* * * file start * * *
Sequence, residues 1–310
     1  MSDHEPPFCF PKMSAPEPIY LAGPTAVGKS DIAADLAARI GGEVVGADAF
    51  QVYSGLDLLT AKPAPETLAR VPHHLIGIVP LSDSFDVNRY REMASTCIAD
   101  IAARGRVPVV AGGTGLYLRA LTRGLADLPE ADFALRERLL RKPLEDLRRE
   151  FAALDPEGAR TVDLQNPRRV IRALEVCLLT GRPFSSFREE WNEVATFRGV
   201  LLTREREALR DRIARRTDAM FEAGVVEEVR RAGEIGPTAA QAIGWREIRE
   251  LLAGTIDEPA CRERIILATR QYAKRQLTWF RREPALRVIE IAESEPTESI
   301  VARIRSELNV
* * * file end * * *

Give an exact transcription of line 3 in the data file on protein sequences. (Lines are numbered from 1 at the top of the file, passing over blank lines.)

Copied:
    51  QVYSGLDLLT AKPAPETLAR VPHHLIGIVP LSDSFDVNRY REMASTCIAD